Stairs Lights Kit is ready to be commercialized!

20180617_220246

My stairs lights PCB is ready to be commercialized! Hooray, a product!

If over 100 people order, I could offer the PCB by itself for $100. Otherwise the price will increase. I can also offer full kits with everything (motion detectors, LEDs, case, wires) included for $300. Leave a comment if you are interested.

Story

I have a few posts on this blog and the “stairs lights” post is by far the most popular. Because of this, I completely remade the PCB from scratch using parts from Digi-Key and replaced all the through-hole parts with surface-mount parts. I kept the Arduino bootloader, but no longer require the user to program the PCB. Adjusting settings is as simple as turning some knobs.

The product is still in validation stage and I welcome feedback. For example, is it tolerable to run 16 pairs of wires down the stairs? Are the settings I chose to adjust actually useful? Would this board be useful somewhere else besides stairs? What kind of case would you like? Is installation still too hard?

Demo

  • Intended for use with 12V LEDs (board can support 24V upon request)
  • Features on-board test LEDs to validate settings before running wires
  • No programming required
  • Push-down wire terminals eliminate need to solder terminators each step’s wires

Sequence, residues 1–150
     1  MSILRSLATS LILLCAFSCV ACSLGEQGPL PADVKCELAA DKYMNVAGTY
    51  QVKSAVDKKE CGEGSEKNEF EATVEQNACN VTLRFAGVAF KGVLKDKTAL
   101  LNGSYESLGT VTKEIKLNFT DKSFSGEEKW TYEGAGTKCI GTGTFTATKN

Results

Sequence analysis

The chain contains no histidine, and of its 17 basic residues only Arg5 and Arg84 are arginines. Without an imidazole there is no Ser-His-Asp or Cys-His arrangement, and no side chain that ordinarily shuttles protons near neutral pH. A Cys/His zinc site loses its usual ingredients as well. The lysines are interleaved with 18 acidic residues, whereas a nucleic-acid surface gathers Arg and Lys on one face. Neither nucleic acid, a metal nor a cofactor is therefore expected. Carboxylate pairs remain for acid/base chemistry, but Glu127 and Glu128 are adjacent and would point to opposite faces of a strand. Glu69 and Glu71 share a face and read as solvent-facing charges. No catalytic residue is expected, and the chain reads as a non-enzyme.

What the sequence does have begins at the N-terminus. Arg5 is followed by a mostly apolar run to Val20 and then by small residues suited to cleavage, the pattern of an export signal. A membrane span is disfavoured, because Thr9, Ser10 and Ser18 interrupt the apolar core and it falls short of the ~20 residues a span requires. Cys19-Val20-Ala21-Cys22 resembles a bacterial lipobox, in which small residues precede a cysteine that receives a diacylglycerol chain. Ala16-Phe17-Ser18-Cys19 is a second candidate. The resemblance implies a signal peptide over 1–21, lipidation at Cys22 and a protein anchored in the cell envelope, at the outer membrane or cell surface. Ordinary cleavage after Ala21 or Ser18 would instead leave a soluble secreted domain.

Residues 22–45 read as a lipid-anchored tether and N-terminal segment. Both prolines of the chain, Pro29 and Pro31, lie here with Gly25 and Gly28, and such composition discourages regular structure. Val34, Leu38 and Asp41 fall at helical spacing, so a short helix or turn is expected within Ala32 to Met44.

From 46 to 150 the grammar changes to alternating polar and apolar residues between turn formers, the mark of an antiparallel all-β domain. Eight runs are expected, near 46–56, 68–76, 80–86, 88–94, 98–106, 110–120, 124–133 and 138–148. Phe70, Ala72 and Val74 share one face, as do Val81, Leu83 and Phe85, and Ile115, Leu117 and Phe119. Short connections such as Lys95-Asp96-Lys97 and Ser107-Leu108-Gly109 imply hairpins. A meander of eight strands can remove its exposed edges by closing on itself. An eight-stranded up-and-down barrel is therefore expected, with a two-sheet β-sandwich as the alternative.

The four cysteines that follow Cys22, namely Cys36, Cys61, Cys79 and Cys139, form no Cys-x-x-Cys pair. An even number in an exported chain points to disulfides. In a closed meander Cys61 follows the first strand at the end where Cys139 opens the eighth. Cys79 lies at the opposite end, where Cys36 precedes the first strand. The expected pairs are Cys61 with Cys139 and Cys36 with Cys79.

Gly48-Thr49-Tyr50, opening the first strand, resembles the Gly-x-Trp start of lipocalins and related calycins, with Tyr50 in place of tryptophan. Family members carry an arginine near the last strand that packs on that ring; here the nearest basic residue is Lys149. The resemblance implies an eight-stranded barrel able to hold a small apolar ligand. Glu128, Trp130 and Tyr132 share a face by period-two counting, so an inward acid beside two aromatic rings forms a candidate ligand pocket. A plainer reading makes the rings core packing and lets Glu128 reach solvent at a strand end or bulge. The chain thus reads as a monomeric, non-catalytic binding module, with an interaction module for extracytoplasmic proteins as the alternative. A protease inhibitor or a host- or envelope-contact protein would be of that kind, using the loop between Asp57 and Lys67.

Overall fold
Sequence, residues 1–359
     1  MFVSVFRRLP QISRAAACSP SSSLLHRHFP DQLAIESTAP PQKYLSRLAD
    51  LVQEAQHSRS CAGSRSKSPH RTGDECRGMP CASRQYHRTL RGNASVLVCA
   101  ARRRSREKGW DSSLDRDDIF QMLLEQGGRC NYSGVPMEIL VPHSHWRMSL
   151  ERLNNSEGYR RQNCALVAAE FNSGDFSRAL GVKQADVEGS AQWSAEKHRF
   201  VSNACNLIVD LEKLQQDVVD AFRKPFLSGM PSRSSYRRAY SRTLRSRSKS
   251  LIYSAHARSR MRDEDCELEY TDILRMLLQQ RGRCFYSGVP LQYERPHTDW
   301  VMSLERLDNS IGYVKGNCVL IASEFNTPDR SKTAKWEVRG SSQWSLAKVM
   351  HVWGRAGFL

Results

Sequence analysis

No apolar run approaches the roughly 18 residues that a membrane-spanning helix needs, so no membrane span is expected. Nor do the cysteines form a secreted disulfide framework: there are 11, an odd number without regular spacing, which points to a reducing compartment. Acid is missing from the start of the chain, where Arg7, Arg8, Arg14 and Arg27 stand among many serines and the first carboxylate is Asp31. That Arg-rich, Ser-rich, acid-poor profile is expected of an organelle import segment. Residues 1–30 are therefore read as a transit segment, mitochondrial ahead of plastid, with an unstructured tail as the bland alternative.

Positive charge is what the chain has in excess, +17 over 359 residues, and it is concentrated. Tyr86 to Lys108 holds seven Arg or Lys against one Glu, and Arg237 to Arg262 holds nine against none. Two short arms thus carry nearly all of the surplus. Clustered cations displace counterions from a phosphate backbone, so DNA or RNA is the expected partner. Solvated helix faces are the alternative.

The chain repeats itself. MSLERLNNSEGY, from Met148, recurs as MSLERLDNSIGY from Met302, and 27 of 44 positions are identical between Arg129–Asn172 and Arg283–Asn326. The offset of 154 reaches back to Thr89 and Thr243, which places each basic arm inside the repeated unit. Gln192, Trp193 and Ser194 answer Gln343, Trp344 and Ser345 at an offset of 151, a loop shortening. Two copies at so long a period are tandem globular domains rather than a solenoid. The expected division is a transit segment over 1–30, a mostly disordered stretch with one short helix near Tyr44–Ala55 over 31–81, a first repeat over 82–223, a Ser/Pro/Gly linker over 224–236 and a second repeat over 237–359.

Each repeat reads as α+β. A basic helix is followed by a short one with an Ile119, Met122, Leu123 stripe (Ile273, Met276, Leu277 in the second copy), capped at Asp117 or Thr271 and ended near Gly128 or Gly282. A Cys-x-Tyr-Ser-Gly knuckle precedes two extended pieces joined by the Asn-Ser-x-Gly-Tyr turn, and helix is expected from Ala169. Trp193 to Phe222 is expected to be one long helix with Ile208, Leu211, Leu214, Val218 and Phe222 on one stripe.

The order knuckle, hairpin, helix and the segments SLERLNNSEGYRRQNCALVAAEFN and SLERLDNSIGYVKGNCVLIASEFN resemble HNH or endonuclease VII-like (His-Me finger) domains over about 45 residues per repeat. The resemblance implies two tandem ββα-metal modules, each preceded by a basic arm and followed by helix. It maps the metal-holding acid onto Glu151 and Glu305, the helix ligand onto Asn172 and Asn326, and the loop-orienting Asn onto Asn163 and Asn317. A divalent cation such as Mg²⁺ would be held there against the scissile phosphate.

• Adjust fade speed, max brightness and propagate speed with knobs
  • Adjust number of steps with knob
  • Optional mode to keep top and bottom steps dimly lit all the time
  • Attach two optional switches to keep lights on indefinitely
  • Attach an optional photoresistor to disable the lights in daytime

Assembly

This assembly was done with my mini stairs.

Technical specifications

  • Supports 1-16 steps
  • Stays on for 20s
  • Input voltage: 5-16V (can go up to 28V but it’s more expensive and I don’t think anyone wants this)
  • Animation can be triggered every 25-200 seconds
  • Microcontroller: ATMega32u4
  • 8-bit, 75Hz PWM
  • Power usage of the PCB by itself with 12V supply: 0.8W
  • Works with 12V active-low pulldown motion detectors
  • Max current per step: 2A
  • Max total current through VDD and GND terminals: 4A (assuming using two conductors for VDD and two for GND)
  • Wire terminals accept 20-26 AWG (0.2-0.5mm^2)

FAQ

Can I just use one LED strip and two motion detectors?

Yes, but a regular LED strip will light up all at once. You could use an addressable strip, but that would require you to connect a microcontroller and write code.

Can I adjust how long the lights stay on before turning off?

No. I kept this at a fixed 20s. If enough people ask for it, I can replace the “propagate speed” knob to adjust “on time” instead.

Do I still need to solder?

Yes, but only LED-to-wire. Requiring soldering eliminates the need for solderless connectors in the circuit. This improves the appearance of the final installation. The PCB itself comes fully soldered.

Is it made in the US?

The current plan is to make it in the US.

Is it open source?

Not yet.

Is it Arduino compatible?

Yes. All boards are flashed with the Arduino Micro bootloader on an ATmega32u4.

Can two boards be cascaded for double the lights?

By soldering the right wires between two boards, two control boards can support this mode. I did not write the firmware to support this mode because no one has asked for it yet.